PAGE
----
From the latest tech in web development to the latest electronic music hardware and software, Alex loves to get his hands on new stuff and hack on it. Follow this feed on Nuvious related news; so web and cloud stuff here.

6 Comments

Ian
May 12, 2015 Ian

Hi Alex, Interesting article. I've been looking for a way to see if Font Awesome could be used in a NativeScript app. Do you think your method would work?

Alexander Ziskind
May 12, 2015 Alexander Ziskind

You can definitely use FontAwesome by using the Custom Fonts technique I wrote about. Load the font, set the label's or button's font to the new font name (which happens to be FontAwesome), and populate the desired characters.

In your JavaScript you will set the unicode characters corresponding to the icon you want, for example:
this.set("title", "\uf000");
will show the glass icon.

Use the Font Awesome cheat sheet to cross reference the icons with the unicode characters (http://fortawesome.github.io/Font-Awesome/cheatsheet/)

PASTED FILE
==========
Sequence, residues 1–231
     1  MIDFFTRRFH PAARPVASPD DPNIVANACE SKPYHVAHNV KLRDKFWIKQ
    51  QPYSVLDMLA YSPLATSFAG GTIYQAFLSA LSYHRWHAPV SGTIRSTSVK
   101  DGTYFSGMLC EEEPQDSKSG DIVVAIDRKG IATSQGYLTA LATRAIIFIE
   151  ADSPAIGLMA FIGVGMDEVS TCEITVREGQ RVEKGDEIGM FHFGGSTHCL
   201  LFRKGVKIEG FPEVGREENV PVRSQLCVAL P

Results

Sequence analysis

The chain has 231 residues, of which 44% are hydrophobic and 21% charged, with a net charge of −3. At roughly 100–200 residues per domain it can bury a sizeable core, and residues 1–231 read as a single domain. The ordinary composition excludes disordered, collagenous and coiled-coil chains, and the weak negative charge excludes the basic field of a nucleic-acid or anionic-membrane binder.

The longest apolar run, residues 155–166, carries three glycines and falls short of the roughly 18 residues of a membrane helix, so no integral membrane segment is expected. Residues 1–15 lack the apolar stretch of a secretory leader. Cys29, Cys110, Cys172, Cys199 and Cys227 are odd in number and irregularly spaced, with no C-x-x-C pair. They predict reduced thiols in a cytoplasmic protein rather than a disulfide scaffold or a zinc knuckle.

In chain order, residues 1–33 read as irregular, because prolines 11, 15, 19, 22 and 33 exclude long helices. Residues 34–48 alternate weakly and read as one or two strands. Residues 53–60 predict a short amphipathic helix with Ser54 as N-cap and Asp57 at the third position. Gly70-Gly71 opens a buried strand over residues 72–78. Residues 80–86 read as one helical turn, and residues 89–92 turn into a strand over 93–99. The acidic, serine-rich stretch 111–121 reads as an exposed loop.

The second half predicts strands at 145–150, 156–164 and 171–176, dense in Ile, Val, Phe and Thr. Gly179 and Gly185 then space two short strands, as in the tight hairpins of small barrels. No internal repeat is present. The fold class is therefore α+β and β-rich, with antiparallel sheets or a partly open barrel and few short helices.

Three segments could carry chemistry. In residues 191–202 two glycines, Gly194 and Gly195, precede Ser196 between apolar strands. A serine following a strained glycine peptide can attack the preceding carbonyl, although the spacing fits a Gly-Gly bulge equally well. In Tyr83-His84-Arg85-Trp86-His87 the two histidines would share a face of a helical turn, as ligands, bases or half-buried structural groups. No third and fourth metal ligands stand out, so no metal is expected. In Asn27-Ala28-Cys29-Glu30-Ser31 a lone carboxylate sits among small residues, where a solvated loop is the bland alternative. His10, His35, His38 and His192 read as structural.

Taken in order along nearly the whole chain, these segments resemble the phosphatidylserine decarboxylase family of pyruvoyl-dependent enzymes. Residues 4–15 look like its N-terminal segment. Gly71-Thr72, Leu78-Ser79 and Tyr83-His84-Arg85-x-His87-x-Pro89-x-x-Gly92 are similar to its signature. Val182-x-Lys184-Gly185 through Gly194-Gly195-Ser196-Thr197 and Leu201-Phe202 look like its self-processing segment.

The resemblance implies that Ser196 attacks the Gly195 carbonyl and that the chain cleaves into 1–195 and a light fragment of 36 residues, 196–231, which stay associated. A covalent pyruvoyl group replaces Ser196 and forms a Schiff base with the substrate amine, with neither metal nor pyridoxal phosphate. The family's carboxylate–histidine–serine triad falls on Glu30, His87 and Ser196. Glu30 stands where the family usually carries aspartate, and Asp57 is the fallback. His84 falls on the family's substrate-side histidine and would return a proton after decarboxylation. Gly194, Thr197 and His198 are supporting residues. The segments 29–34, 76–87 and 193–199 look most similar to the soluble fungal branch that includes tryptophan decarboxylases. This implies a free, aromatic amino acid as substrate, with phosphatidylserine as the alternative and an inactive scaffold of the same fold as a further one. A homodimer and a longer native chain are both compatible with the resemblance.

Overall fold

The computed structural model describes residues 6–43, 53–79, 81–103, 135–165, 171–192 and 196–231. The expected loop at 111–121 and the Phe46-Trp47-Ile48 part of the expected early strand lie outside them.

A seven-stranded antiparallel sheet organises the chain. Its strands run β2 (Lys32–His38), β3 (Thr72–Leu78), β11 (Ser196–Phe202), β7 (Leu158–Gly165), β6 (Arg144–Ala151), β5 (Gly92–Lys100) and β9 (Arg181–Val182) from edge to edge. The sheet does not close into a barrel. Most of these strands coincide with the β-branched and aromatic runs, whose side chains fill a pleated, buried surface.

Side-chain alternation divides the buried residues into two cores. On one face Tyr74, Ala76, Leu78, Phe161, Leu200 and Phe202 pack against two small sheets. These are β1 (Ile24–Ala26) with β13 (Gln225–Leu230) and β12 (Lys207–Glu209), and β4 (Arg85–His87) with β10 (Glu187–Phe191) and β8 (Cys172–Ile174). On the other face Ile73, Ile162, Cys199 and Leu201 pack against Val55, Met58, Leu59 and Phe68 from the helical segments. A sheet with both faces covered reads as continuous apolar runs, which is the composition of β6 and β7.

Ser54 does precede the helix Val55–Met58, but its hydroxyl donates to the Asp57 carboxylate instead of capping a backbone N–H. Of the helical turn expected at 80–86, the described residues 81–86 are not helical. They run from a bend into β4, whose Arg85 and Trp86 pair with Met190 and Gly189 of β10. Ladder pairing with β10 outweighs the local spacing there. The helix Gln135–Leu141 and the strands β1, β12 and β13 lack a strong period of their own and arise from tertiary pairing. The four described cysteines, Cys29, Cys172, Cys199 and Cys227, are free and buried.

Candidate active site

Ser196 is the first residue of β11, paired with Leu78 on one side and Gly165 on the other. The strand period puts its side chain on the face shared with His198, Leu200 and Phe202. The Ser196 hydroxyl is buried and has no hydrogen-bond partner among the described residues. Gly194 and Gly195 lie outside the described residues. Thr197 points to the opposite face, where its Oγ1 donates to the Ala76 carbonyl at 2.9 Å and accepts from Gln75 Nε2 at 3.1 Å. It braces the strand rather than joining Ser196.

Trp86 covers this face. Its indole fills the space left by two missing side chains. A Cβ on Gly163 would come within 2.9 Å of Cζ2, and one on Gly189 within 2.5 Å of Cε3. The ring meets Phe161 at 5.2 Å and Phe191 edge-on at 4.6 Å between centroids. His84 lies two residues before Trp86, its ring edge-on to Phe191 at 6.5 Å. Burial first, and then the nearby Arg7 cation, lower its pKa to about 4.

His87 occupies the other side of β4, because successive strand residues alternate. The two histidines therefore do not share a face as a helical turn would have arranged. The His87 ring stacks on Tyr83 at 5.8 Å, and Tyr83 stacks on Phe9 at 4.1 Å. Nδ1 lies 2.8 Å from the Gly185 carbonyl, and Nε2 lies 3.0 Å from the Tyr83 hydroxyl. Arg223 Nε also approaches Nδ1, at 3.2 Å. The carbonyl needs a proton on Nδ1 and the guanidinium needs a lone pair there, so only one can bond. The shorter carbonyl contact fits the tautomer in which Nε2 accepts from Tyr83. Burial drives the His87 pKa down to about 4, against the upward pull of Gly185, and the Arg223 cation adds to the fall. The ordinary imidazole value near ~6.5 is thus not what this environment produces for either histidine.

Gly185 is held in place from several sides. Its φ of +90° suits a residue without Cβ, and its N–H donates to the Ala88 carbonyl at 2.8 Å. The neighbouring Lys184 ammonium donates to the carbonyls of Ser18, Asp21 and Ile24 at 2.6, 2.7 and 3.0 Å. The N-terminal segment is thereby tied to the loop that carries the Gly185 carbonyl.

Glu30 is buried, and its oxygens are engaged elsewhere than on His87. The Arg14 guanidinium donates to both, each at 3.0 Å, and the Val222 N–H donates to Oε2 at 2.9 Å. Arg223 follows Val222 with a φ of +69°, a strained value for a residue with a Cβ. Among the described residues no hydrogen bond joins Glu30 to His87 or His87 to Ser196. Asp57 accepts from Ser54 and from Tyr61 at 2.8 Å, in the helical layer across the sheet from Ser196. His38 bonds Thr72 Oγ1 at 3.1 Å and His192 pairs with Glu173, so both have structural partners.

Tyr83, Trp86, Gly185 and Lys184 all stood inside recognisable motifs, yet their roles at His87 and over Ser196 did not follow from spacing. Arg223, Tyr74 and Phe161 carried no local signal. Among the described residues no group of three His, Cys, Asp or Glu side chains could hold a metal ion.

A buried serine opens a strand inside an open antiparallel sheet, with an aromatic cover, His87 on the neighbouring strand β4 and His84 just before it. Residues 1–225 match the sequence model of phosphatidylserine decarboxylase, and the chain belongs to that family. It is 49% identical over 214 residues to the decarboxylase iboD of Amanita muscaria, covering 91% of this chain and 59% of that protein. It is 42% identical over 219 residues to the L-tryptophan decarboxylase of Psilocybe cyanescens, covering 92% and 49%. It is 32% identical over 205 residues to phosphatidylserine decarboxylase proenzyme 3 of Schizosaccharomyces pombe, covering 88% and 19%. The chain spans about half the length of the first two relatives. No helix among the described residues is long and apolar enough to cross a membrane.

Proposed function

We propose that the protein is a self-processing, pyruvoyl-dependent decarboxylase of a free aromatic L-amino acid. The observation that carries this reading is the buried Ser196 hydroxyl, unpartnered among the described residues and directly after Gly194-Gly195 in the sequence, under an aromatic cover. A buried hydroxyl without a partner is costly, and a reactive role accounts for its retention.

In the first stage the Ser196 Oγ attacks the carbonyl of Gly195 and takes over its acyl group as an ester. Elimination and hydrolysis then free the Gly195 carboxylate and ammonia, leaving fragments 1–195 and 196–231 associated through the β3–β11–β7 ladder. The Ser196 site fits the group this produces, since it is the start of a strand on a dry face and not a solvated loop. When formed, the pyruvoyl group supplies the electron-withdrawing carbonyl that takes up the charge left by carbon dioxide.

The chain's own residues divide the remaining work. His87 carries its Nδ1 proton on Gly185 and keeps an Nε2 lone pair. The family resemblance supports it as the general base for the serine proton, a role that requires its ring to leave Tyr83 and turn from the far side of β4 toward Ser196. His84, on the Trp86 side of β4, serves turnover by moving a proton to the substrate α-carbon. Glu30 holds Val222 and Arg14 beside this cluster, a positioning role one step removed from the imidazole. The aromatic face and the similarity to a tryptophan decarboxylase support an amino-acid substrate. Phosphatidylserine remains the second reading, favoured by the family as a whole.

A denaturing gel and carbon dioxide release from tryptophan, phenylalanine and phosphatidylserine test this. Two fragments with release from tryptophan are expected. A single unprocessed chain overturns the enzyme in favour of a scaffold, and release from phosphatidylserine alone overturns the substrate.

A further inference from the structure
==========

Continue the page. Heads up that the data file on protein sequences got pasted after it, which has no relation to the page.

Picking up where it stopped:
Ian
May 12, 2015 Ian

That works really well - thanks Alex. I did have to change the first line of code in your labelLoaded() function as it wasn't able to find the folder where I'd stored the font file. I used a different method (see below) and that fixed it.

function labelLoaded(args) {
//Get font from deployed file
var appFolder = fs.knownFolders.currentApp();
var fontPath = fs.path.join(appFolder.path, "fonts", "fontawesome-webfont.ttf");
var fontUrl = NSURL.fileURLWithPath(fontPath);
var fontData = NSData.dataWithContentsOfURL(fontUrl);

var provider = CGDataProviderCreateWithCFData(fontData);
var font = CGFontCreateWithDataProvider(provider);